The state’s criminal history records database is incomplete, which means background checks aren’t turning up information relied upon when hiring people for positions of trust, according to an audit released last week by the state Auditor’s Office.
The 26-page report analyzed the database and court records from 2012 to see whether they matched up. They did not in 81,200 instances, or 33 percent of the time, the performance audit shows.
“Dispositions were missing for thousands of people for offenses that would disqualify them from jobs and volunteer positions with vulnerable populations,” the report states.
The missing information also could affect charging and sentencing decisions in criminal cases, criminal investigations and hiring decisions.
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The Washington State Patrol maintains the database but local law enforcement agencies, county clerks and courts are responsible for sending information about their arrests for felonies and gross misdemeanors and outcomes of the cases.
Although 90 percent of the missing data was for gross misdemeanors such as driving under the influence, auditors said they found 462 missing felony convictions for murder, robbery, rape and aggravated assault.
The audit checked 245,776 dispositions from 2012 and found the database was missing 81,200 case outcomes belonging to 54,462 people.
More than half of those people were convicted of offenses such as child molestation, harassment or domestic violence, crimes that potentially would disqualify them from many job or volunteer positions.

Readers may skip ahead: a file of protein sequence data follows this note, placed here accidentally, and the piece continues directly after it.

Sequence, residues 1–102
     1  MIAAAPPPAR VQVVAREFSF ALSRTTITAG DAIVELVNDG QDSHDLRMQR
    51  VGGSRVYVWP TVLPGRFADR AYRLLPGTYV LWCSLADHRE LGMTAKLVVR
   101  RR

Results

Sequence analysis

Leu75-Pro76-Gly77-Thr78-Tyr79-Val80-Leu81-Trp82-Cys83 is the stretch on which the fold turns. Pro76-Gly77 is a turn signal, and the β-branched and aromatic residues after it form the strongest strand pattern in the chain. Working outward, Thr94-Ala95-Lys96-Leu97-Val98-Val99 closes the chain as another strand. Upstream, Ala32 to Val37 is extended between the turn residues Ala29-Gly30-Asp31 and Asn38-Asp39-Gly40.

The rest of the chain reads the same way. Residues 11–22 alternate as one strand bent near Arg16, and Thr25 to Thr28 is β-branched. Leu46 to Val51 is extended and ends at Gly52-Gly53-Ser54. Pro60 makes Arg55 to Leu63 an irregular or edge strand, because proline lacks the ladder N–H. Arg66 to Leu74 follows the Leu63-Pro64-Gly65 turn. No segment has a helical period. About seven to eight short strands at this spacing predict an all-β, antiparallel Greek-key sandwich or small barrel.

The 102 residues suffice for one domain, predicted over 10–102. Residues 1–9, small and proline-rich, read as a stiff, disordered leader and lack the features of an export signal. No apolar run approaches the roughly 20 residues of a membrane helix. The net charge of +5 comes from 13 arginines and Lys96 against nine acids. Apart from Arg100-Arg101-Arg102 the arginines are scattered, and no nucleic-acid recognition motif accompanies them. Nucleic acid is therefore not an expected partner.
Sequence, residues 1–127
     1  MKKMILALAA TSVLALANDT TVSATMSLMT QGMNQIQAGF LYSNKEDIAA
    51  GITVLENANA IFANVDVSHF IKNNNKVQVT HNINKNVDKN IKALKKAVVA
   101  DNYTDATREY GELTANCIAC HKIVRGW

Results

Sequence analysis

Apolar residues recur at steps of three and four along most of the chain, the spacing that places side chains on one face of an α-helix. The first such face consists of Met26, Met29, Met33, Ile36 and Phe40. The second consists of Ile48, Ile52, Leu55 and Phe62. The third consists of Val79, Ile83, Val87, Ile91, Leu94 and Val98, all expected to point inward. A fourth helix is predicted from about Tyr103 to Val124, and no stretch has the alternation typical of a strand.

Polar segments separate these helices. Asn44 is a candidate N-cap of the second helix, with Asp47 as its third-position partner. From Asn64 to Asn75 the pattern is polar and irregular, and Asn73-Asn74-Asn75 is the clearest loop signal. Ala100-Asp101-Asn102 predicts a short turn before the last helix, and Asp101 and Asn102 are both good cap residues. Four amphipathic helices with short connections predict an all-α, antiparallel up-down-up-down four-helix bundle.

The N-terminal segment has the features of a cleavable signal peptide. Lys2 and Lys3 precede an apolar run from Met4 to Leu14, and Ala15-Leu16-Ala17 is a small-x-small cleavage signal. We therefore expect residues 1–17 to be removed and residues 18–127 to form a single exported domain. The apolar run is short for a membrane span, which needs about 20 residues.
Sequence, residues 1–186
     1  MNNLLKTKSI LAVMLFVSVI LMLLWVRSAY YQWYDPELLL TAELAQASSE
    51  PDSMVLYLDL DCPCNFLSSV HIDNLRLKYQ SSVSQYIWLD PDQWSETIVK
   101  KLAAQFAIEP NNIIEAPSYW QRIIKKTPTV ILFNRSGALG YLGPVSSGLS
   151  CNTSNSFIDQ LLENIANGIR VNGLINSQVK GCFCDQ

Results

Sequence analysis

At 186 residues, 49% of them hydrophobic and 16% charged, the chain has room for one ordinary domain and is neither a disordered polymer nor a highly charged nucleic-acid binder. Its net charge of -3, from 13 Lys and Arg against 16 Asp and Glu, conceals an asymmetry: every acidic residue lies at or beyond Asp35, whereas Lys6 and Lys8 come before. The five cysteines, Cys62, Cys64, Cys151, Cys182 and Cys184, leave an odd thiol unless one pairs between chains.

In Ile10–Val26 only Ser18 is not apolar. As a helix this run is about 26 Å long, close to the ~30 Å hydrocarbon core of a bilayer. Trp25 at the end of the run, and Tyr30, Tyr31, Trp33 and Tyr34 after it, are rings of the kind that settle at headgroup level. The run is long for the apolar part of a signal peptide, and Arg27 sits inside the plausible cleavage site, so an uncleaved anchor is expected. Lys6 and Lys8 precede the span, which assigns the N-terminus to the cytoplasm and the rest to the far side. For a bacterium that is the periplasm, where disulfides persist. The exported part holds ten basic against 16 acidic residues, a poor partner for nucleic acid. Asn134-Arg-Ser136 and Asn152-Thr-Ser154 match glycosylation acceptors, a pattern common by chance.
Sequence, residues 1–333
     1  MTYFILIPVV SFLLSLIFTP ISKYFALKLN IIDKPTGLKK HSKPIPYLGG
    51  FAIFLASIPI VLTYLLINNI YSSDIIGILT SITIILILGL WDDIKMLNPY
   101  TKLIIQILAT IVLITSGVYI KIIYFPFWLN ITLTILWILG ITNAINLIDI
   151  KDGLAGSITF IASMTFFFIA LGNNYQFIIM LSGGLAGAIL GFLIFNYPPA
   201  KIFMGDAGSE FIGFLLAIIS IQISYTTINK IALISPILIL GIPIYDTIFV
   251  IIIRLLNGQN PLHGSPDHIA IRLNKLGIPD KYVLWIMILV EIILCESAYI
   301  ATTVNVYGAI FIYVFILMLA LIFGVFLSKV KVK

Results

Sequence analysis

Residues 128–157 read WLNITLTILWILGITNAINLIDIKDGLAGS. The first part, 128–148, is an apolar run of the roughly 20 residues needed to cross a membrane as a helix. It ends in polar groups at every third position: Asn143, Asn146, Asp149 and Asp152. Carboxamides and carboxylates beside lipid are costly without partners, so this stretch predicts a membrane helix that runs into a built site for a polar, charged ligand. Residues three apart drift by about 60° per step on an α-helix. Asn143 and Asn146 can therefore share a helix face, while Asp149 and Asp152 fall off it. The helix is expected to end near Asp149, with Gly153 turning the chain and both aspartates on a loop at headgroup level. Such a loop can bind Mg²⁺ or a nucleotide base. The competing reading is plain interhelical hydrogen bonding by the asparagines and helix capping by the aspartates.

“The result is people with criminal convictions may obtain licenses and employment they should not have, or people with acquittals or dismissals may be unfairly denied license and employment,” according to the audit.
The main reason information isn’t making it into the database, known as the Washington State Identification System, was traced back to fingerprints.
State law says police do not have to take fingerprints from someone suspected of a gross misdemeanor if the person is not arrested.
The problem is, if fingerprints aren’t taken, the identification number known as the Process Control Number that automatically sends information about the case to the database isn’t created.
The audit also notes that local law enforcement officers and court clerks don’t always manually input data and the State Patrol has no authority to make them.
The Auditor’s Office recommended six improvements the State Patrol could make to increase completeness and effectiveness for the database. They range from lobbying for changes to the fingerprinting law to offering better guidance to local agencies entrusted with inputting case information.
In a June 11 letter responding to the audit, State Patrol Chief John Batiste said his agency was working on some of the recommendations before the audit was conducted.
He also pointed out that the database relies on hundreds of criminal justice workers.
“We strongly believe that other law enforcement agencies, prosecutors and the courts share a responsibility for ensuring the accuracy and completeness of these records,” Batiste wrote.
It wasn’t a surprise for many officials that the database is incomplete. Audits conducted in 2012 and 2014 found issues with criminal history records, most of which stemmed from lack of fingerprinting and confusion among local agencies.
“State law requires them to send criminal history record information for felonies and gross misdemeanors to the Patrol, but because so many agencies are involved, each with its own processes and procedures, opportunities for missing information may occur,” the report states.
Batiste said his department began working in 2013 with local agencies to increase accuracy in reporting arrests and case dispositions. The State Patrol also regularly sends people to speak at court clerk conferences about criminal history records requirements.
Making legislative changes, such as requiring all people arrested for gross misdemeanors to be fingerprinted, would have “significant workload and fiscal impacts on law enforcement agencies and jails,” the State Patrol said.
The agency is putting together a work group with the Washington Association of Sheriffs & Police Chiefs and the Administrative Office of the Courts to discuss the possibility of proposing new legislation.